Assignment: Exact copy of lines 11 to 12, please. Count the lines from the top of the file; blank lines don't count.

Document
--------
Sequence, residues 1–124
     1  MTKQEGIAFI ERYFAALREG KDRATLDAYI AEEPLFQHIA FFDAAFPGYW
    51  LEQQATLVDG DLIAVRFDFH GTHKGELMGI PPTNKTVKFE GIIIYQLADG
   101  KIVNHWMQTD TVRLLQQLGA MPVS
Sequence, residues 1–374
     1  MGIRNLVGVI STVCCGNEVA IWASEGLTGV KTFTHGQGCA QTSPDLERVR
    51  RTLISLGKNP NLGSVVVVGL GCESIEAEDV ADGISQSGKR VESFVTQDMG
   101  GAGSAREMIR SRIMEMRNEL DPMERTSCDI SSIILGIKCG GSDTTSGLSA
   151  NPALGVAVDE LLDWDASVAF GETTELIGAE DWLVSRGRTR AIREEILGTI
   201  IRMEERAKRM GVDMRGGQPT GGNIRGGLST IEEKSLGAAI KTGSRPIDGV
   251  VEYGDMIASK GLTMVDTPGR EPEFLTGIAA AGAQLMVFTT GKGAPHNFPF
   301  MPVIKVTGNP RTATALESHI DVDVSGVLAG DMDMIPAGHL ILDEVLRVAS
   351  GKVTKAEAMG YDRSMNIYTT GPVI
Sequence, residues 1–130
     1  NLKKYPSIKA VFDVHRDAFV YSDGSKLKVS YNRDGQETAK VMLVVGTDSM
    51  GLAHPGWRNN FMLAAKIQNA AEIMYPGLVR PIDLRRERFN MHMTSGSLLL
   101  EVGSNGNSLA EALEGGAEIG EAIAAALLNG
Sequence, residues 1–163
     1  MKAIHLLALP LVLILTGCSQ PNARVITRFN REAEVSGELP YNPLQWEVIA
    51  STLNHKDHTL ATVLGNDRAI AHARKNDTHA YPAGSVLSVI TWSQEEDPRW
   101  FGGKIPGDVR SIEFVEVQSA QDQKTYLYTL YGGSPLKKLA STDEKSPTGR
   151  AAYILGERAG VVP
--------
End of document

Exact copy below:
   251  VEYGDMIASK GLTMVDTPGR EPEFLTGIAA AGAQLMVFTT GKGAPHNFPF
   301  MPVIKVTGNP RTATALESHI DVDVSGVLAG DMDMIPAGHL ILDEVLRVAS